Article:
approach to protecting, and ultimately enabling, the
business. It is time to cast the net wider, and more effec-
tively, than ever before.

Page 185

■ 172

COMPREHENSIVE APPROACH TO CYBERSECURITY

3. Product/service development: the research,
design, testing, and manufacturing
environments for your products and
services

4. Customer experience: the operational
realms where customers use and interact
with your products or services

5. External in� uencers: all external entities
that affect how you guide your business
to include regulators, law enforcement,
media, competitors, and customers.

A cybersecurity strategy at this scale requires
enterprise-wide collaboration. It will take
the whole organization to manage cyber
risk, so it is imperative to cast a wide net
and include representatives from across
business units in strategy formulation dis-
cussions. It requires a multidisciplinary
team effort to develop a security strategy
that refl ects the scale and complexity of the
business challenge.

■ Elements of cyber strategy at scale
Building a cybersecurity strategy can seem
overwhelming, but it doesn’t have to be.
Start with a vision, understand the risk,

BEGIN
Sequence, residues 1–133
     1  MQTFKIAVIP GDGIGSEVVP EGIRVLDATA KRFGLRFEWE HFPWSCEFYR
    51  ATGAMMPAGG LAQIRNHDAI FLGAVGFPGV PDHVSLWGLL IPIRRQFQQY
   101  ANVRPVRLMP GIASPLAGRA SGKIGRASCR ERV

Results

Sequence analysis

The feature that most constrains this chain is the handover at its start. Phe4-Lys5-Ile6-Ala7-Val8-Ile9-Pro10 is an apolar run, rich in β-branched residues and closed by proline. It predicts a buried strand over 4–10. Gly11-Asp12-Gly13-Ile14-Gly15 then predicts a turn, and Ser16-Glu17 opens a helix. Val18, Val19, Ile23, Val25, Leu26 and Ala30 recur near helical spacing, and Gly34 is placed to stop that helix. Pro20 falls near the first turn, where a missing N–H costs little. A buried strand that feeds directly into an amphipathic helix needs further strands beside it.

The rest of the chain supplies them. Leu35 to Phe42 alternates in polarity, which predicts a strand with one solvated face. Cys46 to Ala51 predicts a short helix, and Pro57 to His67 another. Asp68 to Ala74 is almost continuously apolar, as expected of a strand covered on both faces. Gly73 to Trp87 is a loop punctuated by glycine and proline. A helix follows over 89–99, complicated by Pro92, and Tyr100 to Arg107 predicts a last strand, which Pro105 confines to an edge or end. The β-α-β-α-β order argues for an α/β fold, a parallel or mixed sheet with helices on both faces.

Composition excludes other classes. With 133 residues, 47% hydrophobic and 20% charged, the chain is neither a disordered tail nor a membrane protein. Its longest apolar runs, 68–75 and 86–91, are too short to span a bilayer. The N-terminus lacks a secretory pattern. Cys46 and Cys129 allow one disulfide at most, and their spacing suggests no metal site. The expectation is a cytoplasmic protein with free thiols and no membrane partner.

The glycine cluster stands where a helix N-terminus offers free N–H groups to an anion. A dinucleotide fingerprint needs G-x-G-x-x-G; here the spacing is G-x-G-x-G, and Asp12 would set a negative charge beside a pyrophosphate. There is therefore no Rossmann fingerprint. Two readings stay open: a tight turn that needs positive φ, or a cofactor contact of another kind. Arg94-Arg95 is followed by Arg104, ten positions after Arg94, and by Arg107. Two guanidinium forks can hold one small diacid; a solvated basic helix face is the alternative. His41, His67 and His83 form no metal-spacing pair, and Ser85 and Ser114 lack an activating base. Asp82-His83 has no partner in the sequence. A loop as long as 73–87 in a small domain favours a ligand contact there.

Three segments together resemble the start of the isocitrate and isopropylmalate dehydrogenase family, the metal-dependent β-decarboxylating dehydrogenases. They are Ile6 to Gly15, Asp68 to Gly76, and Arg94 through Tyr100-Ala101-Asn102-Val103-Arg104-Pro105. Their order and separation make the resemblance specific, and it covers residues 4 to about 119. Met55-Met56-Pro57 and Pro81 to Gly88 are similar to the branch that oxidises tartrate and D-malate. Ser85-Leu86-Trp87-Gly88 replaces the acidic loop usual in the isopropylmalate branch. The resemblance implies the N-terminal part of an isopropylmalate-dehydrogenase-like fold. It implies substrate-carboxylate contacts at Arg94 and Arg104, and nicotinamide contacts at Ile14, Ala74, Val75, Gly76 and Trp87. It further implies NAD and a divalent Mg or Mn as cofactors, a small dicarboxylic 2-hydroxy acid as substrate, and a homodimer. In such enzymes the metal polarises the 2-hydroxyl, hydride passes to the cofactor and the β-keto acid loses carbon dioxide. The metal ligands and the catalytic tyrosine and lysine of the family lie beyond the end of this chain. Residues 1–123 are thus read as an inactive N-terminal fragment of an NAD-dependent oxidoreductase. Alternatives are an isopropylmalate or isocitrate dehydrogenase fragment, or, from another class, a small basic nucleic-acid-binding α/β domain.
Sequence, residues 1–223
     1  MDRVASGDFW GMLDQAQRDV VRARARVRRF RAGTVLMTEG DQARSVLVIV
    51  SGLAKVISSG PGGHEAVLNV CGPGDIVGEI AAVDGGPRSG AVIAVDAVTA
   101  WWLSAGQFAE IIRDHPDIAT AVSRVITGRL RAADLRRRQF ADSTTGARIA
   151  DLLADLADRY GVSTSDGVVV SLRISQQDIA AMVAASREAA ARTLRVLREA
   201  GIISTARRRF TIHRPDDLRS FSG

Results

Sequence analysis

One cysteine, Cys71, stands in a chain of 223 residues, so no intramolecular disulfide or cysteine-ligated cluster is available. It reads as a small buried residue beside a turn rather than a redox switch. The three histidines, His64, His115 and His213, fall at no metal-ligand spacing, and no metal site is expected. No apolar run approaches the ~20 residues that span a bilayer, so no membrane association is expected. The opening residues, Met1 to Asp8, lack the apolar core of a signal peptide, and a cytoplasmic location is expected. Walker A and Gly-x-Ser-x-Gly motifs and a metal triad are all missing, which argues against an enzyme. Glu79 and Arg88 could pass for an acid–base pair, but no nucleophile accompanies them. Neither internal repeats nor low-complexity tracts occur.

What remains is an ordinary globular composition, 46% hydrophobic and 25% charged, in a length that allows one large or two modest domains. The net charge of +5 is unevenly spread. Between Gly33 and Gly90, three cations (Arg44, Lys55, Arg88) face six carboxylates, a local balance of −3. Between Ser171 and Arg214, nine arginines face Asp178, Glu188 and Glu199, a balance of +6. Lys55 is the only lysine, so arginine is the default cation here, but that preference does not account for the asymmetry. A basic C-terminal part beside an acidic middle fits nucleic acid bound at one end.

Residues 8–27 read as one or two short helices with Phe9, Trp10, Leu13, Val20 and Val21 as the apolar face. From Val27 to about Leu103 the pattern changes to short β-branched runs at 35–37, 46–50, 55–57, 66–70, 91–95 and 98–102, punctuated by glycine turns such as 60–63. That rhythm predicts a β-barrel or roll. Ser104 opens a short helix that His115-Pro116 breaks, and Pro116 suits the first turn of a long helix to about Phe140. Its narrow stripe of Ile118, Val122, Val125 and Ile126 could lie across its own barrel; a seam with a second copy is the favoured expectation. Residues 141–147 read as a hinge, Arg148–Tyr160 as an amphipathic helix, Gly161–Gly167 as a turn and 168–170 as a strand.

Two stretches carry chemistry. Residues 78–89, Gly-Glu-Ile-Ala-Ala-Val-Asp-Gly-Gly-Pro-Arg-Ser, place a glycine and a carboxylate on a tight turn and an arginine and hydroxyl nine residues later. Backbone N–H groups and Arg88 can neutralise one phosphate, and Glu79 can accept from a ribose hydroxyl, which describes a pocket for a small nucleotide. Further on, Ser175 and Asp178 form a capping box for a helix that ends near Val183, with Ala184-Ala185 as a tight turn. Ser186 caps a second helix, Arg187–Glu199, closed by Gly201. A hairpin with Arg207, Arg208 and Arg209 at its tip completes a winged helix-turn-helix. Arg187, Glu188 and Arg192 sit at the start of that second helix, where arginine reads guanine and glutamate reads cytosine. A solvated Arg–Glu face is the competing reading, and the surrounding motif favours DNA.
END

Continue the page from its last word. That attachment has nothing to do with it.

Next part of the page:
identify controls, and build organizational
capacity. Every element builds on each other.

1. Set a vision: It all starts with a creative
vision. It’s critical to paint a high-level
landscape of the future that portrays
how cybersecurity is intertwined with
the most critical parts of your business.
Think about the how value is created
within your company. Is it a cutting-edge
product? Is it by delivering world-class
customer service? Craft a short story on
how cyber protects and enables that.

2. Sharpen your priorities: You have
limited resources, just like every other
company. You can’t protect everything, so
you better be certain you’re focusing on
the most critical business assets. The fi rst
step is to fi gure out what your company
determines to be its ‘crown jewels.’ Once
you’ve defi ned what truly matters, it’s
time you evaluate how exposed—or
at-risk—these assets are. That will give

■ The value of getting cybersecurity right
An effective cybersecurity strategy must
start with placing it in the context of the
business—what your company uniquely
provides as products or services really deter-